By Reem Benadada
Soon after release, the Netflix documentary series Monster: The Jeffrey Dahmer Story was in the headlines with millions of streams worldwide. The film tells the story of the life and numerous gut-wrenching crimes of serial killer Jeffery Dahmer. Despite the film's backlash and controversy, Netflix made the decision to release Conversations With a Killer: The Jeffrey Dahmer Tapes.
Media outlets have received loads of credit for true crime increasingly so as society becomes more intrigued in learning the horrors of real life. By portraying the guilty party in a diabolical light while being seen as defenders of the victims, they've gained popularity and millions in revenue. This all raises the question: does Netflix really care?
“Media is like the weather, only it’s man-made weather.” (Stone, Natural Born Killers) Like the quote implies, media changes by the second, adjusting to the constantly altering trends, all to bring people what they want to hear. They'd go against morals just to achieve this. After the release of the documentary, complaints went out from victims' families and friends. Netflix never asked for consent or even told them they'd be releasing such confidential information. Mother of Tony Hughes (a victim) said in an interview, “I don’t see how they can use our names and put stuff out like that out there.” Despite all the criticism, Netflix hasn't made any move to apologize and certainly didn't turn back on their decision to release another motion picture.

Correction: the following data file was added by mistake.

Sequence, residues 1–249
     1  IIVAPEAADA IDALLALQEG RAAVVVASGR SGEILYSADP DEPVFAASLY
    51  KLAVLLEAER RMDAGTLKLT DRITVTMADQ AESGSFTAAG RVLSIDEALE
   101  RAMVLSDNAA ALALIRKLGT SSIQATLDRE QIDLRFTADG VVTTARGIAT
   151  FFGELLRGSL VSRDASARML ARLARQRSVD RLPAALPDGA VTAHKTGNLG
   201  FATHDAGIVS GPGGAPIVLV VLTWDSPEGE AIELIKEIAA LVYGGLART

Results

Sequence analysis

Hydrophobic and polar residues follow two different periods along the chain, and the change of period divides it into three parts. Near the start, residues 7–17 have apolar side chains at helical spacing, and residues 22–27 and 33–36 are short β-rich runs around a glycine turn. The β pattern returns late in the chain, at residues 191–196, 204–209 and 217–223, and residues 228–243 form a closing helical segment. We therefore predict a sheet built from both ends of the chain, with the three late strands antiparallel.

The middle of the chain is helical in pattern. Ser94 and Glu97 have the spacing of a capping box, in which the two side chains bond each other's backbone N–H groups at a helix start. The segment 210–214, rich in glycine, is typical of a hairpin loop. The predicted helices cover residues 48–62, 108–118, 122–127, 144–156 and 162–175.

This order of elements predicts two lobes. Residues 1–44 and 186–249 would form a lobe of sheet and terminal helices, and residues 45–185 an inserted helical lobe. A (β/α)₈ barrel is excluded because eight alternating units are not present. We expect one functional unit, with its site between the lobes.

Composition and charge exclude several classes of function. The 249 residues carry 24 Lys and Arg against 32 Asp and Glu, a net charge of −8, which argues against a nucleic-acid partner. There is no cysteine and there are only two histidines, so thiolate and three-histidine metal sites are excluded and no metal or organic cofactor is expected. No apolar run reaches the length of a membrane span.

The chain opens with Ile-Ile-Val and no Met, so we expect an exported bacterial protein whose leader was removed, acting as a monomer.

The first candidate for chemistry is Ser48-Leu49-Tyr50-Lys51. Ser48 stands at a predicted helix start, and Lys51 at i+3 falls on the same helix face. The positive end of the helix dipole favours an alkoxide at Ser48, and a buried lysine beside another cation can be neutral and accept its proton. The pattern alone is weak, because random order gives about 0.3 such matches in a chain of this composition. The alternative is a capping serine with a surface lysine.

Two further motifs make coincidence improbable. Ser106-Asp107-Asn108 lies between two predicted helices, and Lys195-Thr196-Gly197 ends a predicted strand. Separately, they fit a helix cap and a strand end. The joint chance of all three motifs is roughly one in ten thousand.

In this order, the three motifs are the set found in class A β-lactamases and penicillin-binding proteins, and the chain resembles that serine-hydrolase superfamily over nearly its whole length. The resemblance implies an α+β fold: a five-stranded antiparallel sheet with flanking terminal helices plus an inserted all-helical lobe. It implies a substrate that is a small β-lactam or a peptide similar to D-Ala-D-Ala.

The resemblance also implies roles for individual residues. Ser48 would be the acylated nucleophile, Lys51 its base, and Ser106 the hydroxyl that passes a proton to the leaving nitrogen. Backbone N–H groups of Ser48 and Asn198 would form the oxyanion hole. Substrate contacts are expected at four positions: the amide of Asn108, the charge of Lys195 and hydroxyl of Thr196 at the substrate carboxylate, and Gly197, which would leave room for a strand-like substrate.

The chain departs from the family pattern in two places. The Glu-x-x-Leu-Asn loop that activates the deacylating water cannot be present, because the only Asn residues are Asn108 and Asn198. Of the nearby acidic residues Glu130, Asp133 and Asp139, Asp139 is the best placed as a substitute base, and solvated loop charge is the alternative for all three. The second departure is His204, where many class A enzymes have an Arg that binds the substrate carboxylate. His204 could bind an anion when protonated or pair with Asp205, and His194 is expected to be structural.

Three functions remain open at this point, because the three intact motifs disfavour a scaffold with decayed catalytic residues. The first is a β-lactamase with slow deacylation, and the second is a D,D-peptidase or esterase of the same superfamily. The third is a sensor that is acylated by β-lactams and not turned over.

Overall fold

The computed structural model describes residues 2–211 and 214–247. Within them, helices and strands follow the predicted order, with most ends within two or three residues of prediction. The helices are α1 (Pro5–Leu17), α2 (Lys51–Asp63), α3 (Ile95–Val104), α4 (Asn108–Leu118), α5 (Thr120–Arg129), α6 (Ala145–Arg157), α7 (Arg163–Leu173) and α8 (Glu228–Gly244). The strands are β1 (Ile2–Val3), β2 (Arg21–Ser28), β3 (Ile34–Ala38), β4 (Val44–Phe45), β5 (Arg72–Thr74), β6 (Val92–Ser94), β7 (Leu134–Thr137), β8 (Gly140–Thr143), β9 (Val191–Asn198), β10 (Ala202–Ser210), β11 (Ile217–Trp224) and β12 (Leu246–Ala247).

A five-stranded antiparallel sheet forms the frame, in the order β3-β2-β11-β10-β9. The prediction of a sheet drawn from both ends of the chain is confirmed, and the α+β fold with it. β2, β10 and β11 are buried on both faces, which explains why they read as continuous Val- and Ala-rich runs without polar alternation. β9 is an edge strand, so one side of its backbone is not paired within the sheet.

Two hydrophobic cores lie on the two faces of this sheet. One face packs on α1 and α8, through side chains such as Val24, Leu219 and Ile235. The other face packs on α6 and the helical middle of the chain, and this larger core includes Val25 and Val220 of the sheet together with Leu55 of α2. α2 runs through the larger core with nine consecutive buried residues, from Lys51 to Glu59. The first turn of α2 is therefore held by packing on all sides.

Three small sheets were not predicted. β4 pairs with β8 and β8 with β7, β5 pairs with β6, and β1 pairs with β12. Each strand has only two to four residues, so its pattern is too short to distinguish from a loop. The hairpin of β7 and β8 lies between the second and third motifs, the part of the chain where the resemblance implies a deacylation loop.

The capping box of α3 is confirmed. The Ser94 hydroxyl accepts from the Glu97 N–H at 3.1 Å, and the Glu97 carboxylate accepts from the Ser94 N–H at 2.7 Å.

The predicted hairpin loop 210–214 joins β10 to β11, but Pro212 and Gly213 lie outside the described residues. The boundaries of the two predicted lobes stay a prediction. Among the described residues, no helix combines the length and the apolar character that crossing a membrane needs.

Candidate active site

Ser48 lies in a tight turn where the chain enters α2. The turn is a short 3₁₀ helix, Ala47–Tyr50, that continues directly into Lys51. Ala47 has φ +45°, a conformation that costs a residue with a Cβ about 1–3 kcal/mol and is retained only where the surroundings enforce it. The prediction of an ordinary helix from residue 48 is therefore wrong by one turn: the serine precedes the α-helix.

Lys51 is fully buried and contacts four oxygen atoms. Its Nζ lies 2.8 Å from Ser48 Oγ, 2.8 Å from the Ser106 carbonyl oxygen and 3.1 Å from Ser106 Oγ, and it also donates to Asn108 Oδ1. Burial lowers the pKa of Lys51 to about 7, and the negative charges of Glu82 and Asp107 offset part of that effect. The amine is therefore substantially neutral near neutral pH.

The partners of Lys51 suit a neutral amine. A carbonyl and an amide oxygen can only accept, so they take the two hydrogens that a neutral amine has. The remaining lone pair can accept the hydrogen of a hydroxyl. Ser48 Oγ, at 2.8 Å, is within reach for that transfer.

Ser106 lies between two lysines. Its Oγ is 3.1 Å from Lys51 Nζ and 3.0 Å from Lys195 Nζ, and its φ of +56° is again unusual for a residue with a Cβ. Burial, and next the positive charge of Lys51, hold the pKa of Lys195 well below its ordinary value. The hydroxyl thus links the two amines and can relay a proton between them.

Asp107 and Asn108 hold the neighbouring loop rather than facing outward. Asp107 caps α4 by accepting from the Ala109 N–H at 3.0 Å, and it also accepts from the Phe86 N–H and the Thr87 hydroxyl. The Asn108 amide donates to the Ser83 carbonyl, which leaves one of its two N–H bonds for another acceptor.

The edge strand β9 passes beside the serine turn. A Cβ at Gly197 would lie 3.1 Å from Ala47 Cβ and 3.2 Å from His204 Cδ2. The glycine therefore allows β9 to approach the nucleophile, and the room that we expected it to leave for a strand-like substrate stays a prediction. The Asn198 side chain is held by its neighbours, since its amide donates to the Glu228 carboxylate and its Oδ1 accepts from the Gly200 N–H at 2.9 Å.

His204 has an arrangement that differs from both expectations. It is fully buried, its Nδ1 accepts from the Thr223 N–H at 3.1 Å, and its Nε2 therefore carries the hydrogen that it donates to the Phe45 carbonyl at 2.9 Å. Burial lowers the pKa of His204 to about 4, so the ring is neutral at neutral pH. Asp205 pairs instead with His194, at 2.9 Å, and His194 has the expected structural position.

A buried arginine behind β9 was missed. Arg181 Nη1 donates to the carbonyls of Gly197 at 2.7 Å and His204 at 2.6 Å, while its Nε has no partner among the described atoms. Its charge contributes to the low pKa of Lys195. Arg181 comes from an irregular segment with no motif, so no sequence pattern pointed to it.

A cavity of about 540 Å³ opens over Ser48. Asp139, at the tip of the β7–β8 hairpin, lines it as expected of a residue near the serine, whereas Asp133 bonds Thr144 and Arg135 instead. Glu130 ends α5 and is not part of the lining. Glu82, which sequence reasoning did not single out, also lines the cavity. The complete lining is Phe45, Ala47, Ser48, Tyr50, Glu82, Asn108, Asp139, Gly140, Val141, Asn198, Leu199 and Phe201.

From Bonnie and Clyde, Richard Ramirez to Ted Bundy and now Jeffery Dhamer, Netflix has encouraged the romanticization of yet another killer provoking such inspired Halloween costumes, themed pizza, Tik Tok trends and more, mostly targeted to teens. So next time you hear the glorification of someone or even something, look into it, and to your surprise it might be more sugar-coated than you think.